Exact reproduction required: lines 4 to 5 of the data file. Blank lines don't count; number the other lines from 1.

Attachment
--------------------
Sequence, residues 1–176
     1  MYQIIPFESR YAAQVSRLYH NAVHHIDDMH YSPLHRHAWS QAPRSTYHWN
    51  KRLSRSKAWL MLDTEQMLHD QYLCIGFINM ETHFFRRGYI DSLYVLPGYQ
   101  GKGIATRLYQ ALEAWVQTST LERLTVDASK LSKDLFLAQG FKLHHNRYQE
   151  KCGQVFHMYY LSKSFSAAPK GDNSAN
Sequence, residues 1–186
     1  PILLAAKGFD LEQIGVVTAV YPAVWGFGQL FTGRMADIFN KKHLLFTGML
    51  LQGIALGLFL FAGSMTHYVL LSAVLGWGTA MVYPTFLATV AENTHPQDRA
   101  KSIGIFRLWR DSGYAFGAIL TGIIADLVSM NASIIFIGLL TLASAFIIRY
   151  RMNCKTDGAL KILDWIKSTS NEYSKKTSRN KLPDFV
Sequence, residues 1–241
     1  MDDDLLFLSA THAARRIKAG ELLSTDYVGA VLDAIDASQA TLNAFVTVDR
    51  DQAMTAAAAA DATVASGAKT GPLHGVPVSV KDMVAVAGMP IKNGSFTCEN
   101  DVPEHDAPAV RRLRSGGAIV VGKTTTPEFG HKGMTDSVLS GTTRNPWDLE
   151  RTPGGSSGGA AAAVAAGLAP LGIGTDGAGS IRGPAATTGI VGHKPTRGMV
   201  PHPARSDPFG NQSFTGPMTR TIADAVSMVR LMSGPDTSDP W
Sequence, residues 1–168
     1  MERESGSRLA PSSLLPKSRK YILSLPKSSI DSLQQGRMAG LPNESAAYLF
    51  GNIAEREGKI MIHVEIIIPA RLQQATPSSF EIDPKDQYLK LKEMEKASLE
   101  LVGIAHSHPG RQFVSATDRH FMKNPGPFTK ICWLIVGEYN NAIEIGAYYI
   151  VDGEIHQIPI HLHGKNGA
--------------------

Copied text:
   101  GKGIATRLYQ ALEAWVQTST LERLTVDASK LSKDLFLAQG FKLHHNRYQE
   151  KCGQVFHMYY LSKSFSAAPK GDNSAN